The enemy within
By Deepshikha Punj
30th September 2012 12:00 AM
Contrary to popular belief that modern kitchen in India does away with problems of ventilation and reduces harmful effects of gasoline, these kitchens are creating an environment more dangerous than toxic-filled streets.
Researchers in Kolkata studied a group of typical urban residences and found the presence of the harmful mono-aromatic hydrocarbons, namely benzene, toluene, ethylbenzene and isomers of xylene (BTEX). “BTEX is a volatile organic compound mostly found in petroleum and gasoline products. Benzene and xylene are the compounds found in it which have notorious effect on the central nervous system (CNS) in human beings. Too much exposure to BTEX can cause sensory irritation on skin, CNS depression, and effects on the respiratory system. CNS depression and death have occurred at higher levels of exposure to BTEX,” says Dr. Karuna Malhotra, Homeopath Physician at Cosmetic Skin and Homeo Clinic.
The report states that the indoor level of fumes was found to be significantly dependent on the type of fuel used and extent of ventilation but not on location of the residence or kitchen placement inside the residence. It also says that with increasing ventilation, the intrusion of outdoor air has definite contribution in increasing the indoor level of these fumes. The human health risk estimation in the report, titled ‘Variability of BTEX in Residential Indoor Air of Kolkata Metropolitan City’, says that the average integrated lifetime cancer risk considering the exposure to benzene and ethylbenzene due to residing for only 15 years in such indoor conditions is 2.9 E−05, which is sufficiently higher than the acceptable risk of 1.0 E−06.
“Most urban kitchens in India face lack of proper ventilation. So even if a cleaner fuel source like LPG is used, lack of ventilation causes accumulation of combustion byproducts, long-term exposure of which leads to many respiratory disorders like chronic bronchitis or asthma,” says Dr Alpa Dalal, Consultant Pulmonologist at Dr L H Hiranandani Hospital, Mumbai. “A recent study conducted in North India (Lakshmi, 2012); irrespective of the fuel type used, the risk of pulmonary tuberculosis was two-fold higher in women who used the kitchen inside the living room than those who used a separate kitchen or cooked in the open,” she says.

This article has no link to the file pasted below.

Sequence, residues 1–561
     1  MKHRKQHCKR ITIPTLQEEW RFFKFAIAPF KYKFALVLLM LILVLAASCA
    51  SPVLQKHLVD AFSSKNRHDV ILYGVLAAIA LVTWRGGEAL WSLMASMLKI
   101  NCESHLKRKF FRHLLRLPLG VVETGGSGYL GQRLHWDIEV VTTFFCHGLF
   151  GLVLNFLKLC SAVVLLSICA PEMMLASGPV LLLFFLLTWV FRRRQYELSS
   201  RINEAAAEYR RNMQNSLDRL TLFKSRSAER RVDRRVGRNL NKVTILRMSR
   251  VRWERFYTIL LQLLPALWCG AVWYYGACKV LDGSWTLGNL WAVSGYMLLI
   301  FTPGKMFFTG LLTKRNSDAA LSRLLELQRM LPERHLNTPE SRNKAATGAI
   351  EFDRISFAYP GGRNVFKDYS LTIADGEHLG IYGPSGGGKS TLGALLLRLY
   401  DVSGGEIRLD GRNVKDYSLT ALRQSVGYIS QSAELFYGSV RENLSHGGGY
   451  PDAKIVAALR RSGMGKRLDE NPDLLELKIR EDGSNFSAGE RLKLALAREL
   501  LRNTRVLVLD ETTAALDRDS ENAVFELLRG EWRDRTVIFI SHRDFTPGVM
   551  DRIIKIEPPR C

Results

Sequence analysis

Women exposed to kerosene and LPG fuel exhausts over a long time hold a high risk of acquiring lung cancer, interstitial lung disease and respiratory infections. Dr Pervez Ahmed, Chairman and Managing director, Aventus Healthcare, says, “These toxins can also seep into water and consequently into our food stuff and can enter our body through ingestion, inhalation or the touch of skin.”
However, certain precautionary measures can turn the tables in your favour. “Shift to electrical hot plates and use good quality gas stoves that ensures a 100 per cent gas consumption and prevents gas leaks,” says Dr Vivek Nangia, Pulmonologist, Fortis Hospital, Vasant Kunj, Delhi. One can also make sure no moisture seeps between the kitchen counter and the sink or walls. “Replace any damaged or moldy seals with a quality silicone sealant and always turn on the extractor fan while cooking to take out the water vapour. Regularly clean the filters to allow moist air to pass through unhindered. And never hang wet dishcloths and used kitchen towels in closed cabinets. Because the moisture cannot escape, black mold and bacteria are likely to develop in the cabinet and on the cloth,” says Malhotra.
She adds that since the salt in dishwasher tablets attracts moisture, new generation dishwasher tablets are often not packed in plastic, but a water dissolvable material that lets through moisture from the air. “Store the tablets in a closed plastic box to prevent them getting mushy,” she says.
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